Some articles on movement, movements:
... Main article Anti-globalization movement Anti-globalization, or counter-globalisation, consists of a number of criticisms of globalization but, in general, is critical of the globalization of corporate ... The movement is also commonly referred to as the alter-globalization movement, anti-globalist movement, anti-corporate globalization movement, or ... Thompson note the term is vague "anti-globalization movement" activities may include attempts to demonstrate sovereignty, practice local democratic decision-making, or restrict the international ...
... an American social activist, abolitionist, and leading figure of the early women's rights movement ... first organized women's rights and women's suffrage movements in the United States ... Unlike many of those involved in the women's rights movement, Stanton addressed various issues pertaining to women beyond voting rights ...
... A German gymnastic movement was started by Turnvater (turners' father) Friedrich Ludwig Jahn in the early 19th century when Germany was occupied by Napoleon ... The Turner movement in Germany was generally liberal in nature, and many Turners took part in the Revolution of 1848 ... After its defeat, the movement was suppressed and many Turners left Germany, some emigrating to the United States ...
... an offshoot of Cubism, was a short-lived modernist movement in British art and poetry of the early 20th century ... The movement was announced in 1914 in the first issue of BLAST, which contained its manifesto and the movement's rejection of landscape and nudes in favour of a ...
... Zionist youth movements, both in Israel and the diaspora, continue to play a large role in community organisation, Jewish education, welfare, politics and activism ... While upholding and adjusting their individual movement ideologies, diaspora movements commonly idealise Jewish continuity and identity in opposition to cultural assimilation, and Zionism in the way ... Movements generally focus on education for school-age youths, who are known as chanichim (Hebrew for educatees singular chanich/a), approximately aged 8 to 18 ...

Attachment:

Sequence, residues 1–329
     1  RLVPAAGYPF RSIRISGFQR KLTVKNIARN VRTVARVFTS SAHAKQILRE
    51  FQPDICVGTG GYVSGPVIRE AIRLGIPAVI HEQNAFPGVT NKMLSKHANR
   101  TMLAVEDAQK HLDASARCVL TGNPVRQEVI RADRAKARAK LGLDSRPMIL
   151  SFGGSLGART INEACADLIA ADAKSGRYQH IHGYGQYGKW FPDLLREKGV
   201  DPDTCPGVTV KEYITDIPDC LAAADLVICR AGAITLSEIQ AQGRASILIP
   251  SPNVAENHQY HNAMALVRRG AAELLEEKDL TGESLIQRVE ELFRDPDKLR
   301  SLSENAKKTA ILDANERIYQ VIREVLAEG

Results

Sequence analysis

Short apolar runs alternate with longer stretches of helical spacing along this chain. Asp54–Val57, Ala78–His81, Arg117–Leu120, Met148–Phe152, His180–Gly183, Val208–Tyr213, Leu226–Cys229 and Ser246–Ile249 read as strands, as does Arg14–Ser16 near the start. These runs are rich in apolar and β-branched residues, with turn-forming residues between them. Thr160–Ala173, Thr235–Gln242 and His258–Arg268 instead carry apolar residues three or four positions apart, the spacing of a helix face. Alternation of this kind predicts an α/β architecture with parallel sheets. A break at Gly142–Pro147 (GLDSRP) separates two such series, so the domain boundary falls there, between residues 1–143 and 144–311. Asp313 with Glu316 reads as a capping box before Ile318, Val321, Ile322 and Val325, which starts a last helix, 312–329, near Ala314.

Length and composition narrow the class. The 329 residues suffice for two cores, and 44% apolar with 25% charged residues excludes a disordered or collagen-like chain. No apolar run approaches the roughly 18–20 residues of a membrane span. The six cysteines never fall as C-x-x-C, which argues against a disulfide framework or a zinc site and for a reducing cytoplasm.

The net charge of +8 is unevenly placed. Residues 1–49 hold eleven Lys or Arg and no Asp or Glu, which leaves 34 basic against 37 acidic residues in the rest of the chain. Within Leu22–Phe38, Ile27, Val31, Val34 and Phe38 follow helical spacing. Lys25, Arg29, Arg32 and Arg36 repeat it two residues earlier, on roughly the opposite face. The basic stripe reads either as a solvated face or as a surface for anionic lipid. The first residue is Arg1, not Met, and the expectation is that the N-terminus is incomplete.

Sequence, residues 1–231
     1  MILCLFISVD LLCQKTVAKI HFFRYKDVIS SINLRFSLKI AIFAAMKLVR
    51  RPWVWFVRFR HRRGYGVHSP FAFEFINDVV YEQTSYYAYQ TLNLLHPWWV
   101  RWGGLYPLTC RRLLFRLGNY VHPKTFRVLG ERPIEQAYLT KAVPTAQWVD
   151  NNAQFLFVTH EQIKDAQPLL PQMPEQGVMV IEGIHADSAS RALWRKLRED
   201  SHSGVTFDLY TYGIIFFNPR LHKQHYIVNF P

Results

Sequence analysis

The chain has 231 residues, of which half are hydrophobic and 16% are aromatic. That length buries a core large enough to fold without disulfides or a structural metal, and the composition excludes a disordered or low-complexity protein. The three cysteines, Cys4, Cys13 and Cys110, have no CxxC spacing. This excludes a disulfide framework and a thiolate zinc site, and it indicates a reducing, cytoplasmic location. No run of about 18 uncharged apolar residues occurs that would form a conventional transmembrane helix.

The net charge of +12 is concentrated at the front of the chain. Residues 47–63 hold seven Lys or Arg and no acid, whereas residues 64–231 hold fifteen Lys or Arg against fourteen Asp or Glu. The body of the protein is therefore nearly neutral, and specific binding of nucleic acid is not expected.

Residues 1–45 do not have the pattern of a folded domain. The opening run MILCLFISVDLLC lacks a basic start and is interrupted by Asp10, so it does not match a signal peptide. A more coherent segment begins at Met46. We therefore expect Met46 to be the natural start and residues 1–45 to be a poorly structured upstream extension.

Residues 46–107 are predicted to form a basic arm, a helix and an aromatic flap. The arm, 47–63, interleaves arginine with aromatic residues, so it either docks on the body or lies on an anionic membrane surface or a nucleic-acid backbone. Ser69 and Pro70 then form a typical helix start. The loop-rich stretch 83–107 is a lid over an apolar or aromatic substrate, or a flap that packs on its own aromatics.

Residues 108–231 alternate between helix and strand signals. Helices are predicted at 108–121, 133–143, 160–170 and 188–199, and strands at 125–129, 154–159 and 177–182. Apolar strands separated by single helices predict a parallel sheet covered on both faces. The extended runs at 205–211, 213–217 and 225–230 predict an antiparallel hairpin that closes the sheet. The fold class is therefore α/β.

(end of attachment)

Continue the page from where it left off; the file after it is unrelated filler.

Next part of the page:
More definitions of "movement":
- (noun): A change of position that does not entail a change of location.
Example: "Movement is a sign of life"
Synonyms: motion, move, motility
- (noun): A major self-contained part of a symphony or sonata.
Example: "The second movement is slow and melodic"
- (noun): The act of changing location from one place to another.
Example: "The movement of people from the farms to the cities"
Synonyms: motion, move
- (noun): A series of actions advancing a principle or tending toward a particular end.
Example: "The movement to end slavery"
Synonyms: campaign, cause, crusade, drive, effort
- (noun): The driving and regulating parts of a mechanism (as of a watch or clock).
Example: "It was an expensive watch with a diamond movement"
- (noun): A group of people with a common ideology who try together to achieve certain general goals.
Example: "He was a charter member of the movement"; "politicians have to respect a mass movement"
Synonyms: social movement, front
- (noun): A natural event that involves a change in the position or location of something.
- (noun): An optical illusion of motion produced by viewing a rapid succession of still pictures of a moving object.
Example: "The succession of flashing lights gave an illusion of movement"
Synonyms: apparent motion, motion, apparent movement
- (noun): The act of changing the location of something.
Example: "The movement of cargo onto the vessel"
Famous quotes containing the word movement:
“Christianity was only a very strong and singularly well-timed Salvation Army movement that happened to receive help from an unusual and highly dramatic incident. It was a Puritan reaction in an age when, no doubt, a Puritan reaction was much wanted; but like all sudden violent reactions, it soon wanted reacting against.”
—Samuel Butler (18351902)
“The parallel between antifeminism and race prejudice is striking. The same underlying motives appear to be at work, namely fear, jealousy, feelings of insecurity, fear of economic competition, guilt feelings, and the like. Many of the leaders of the feminist movement in the nineteenth-century United States clearly understood the similarity of the motives at work in antifeminism and race discrimination and associated themselves with the anti slavery movement.”
—Ashley Montagu (b. 1905)
“The sadness of the womens movement is that they dont allow the necessity of love. See, I dont personally trust any revolution where love is not allowed.”
—Maya Angelou (b. 1928)